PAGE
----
Godzilla is one of those film stars who just won’t stay down, whether he’s being a destroyer or a friend to humanity, and there was a time where Godzilla films were coming thick and fast in Japan. With the success of 1971’s Godzilla vs. Hedorah it was decided that another outing from the King of the Monsters was needed, and one that would be a bit less dark and grim. This is where Godzilla vs. Gigan comes in.
Released in 1972, the film began shooting soon after the release of the previous movie – a film that was the second highest grossing film for Toho that year – with the instruction that it was to be less ‘weird’ and more child friendly. Two scripts were produced by Kaoru Mabuchi, and Shinichi Sekizawa. Both of these scripts feature Godzilla and King Ghidorah, along with the new monster Gigan and an assortment of returning monsters. After several revisions and cuts the two scripts were combined into one singular story.
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The story of Godzilla vs. Gigan sees a cartoonist called Gengo (Hiroshi Ishikawa), who was recently working on the Children’s Land amusement park, being asked to help a woman track down her missing brother, who she believes was kidnapped by the park’s directors. Upon investigating Children’s Land, Gengo is shocked to learn that the people behind the amusement park are actually giant insect-like aliens from a dying planet.
It appears that the aliens have travelled to Earth with the plan to colonise the planet. However, in order to do so they need to get rid of its current inhabitants. As such, they have plotted to use the space monsters King Ghidorah and Gigan to wipe the planet clear of humanity, using giant radio towers hidden inside Children’s Land to control them. Gengo manages to play one of the control tapes, which summons Godzilla and Anguirus to Tokyo. Now the two Earth monsters are able to combat the space monsters, but who will be strong enough to come out on top?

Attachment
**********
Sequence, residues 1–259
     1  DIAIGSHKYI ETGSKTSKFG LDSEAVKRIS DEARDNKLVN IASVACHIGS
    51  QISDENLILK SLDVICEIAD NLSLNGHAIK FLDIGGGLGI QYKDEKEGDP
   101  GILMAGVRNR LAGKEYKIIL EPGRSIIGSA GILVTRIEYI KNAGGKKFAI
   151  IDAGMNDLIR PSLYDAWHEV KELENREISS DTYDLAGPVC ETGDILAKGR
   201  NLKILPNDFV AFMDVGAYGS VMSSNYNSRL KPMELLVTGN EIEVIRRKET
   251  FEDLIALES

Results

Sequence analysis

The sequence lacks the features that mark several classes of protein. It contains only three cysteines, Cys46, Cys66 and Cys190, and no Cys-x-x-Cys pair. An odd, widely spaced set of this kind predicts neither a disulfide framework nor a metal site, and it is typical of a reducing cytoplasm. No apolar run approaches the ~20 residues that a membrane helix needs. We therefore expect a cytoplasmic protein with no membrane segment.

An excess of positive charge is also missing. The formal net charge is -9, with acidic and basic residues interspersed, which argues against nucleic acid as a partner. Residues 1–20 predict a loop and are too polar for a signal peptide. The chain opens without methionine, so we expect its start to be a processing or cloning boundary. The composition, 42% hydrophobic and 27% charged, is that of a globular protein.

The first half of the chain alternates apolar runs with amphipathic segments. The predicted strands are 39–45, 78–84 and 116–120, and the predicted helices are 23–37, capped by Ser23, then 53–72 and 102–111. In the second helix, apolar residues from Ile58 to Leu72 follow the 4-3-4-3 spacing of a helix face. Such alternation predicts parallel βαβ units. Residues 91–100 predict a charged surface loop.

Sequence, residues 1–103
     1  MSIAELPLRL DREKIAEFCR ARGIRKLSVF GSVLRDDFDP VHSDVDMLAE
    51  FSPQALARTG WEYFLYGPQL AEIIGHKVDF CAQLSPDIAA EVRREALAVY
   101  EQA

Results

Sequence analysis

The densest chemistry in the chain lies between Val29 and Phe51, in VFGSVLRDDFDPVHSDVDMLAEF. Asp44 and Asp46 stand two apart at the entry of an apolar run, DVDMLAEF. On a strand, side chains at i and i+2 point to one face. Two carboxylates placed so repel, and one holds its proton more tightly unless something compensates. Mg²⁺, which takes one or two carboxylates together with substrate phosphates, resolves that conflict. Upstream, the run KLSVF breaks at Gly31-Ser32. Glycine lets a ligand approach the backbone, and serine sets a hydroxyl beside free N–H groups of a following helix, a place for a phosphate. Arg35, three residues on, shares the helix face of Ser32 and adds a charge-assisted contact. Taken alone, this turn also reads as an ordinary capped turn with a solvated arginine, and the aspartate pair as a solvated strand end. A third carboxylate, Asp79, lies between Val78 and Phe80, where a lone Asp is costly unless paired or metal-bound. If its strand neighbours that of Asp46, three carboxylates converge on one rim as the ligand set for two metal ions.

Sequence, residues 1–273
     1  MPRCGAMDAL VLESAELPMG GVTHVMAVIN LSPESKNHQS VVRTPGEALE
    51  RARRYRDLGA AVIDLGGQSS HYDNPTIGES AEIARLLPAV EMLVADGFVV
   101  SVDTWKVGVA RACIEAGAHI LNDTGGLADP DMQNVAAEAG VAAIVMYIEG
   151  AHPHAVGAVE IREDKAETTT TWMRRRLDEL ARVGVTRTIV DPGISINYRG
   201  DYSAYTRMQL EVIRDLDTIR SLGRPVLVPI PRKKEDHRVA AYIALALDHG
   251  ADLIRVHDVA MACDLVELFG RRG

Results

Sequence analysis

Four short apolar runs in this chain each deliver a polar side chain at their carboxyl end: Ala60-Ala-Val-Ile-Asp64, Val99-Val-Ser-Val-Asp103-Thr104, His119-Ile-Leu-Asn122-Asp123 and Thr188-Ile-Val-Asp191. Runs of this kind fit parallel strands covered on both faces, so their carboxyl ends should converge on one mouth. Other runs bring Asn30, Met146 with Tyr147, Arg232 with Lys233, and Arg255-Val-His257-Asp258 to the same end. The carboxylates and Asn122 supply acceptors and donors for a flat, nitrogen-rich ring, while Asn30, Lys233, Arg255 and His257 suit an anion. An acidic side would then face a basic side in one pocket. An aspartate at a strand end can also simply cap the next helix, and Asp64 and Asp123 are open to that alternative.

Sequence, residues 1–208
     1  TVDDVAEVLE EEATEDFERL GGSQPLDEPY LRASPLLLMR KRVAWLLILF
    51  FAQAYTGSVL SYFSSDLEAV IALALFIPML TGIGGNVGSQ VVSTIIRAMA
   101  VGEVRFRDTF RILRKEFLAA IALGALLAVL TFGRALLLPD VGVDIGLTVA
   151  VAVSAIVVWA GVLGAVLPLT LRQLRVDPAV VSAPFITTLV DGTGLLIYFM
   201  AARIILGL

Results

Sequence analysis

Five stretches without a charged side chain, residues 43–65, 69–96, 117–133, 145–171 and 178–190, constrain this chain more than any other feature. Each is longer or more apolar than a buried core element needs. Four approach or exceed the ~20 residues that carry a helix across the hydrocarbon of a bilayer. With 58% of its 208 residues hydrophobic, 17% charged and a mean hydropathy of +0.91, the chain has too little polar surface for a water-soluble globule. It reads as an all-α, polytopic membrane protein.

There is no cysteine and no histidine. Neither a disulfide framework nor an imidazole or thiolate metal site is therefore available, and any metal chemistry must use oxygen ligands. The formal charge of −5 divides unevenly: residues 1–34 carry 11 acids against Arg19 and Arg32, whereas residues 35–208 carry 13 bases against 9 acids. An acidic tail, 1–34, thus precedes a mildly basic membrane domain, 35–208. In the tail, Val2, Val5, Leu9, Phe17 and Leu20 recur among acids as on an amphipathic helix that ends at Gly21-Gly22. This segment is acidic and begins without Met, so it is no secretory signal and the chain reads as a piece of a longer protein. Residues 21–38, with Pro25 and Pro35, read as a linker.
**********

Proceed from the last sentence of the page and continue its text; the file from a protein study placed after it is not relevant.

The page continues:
As stated earlier, the early drafts for Godzilla vs. Gigan were set to feature more monsters, with multiple creatures being lured from Monster Island to combat the new creatures from space. However, these plans had to be changed when several of the monster suits proved to be in too bad a condition to be usable.
One of the drawbacks of this era of Kaiju movies is that the suits were simply put into storage after a movie was made, leading to monster costumes deteriorating and being unusable on a number of occasions. This means that a number of movies had to change to accommodate these issues, and Godzilla vs. Gigan was unfortunately one of them. However, the film actually works better for this, allowing more focus to be given to the four monsters, rather than being spread across the board.
Despite issues with the existing monster suits, including having to repaint King Ghidorah and replace the heads, Godzilla vs. Gigan was able to showcase a brand new creature, Gigan the alien cyborg. Gigan is a pretty odd looking monster. Whilst most of the Kaiju that feature in the Godzilla series are based on prehistoric animals, or large insects, Gigan is truly alien in design. A large, lizard-like creature that stands on two legs, he features large fins on his back, sports a single metal visor eye, metal hooks for hands, and a big circular saw in his stomach. It’s a look that is very, very different from other Kaiju, and makes for a striking figure.
The film also seems to have taken some inspiration from the Gamera films, by having Godzilla take some serious beatings throughout the movie. He’s blasted with laser cannons from the big Godzilla Tower in Children’s Land, is smashed around the head by Gigan’s huge hook blades, and is cut into with the huge circular saw in his foe’s chest. The fights are pretty brutal at times, and it was no surprise that it led to some of the younger audience believing that perhaps this would be the one time that Godzilla wouldn’t save the day.
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Upon release Godzilla vs. Gigan was received well by Japanese audiences, and had an increase in ticket sales over the last year’s Godzilla vs. Hedorah. However, thanks to American International Pictures cancelling its plans to release the movie in the US in 1973, it took several years to release internationally, and was even beaten to the cinema by its sequel, 1973’s Godzilla vs. Megalon, resulting in international audiences seeing Gigan’s debut after his second appearance.
Godzilla vs. Gigan is a brighter, more colourful film than its predecessor, with a more memorable new monster that would go on to feature in several more films, quickly becoming a fan favourite.
Godzilla vs. Gigan was originally released on 12th March 1972.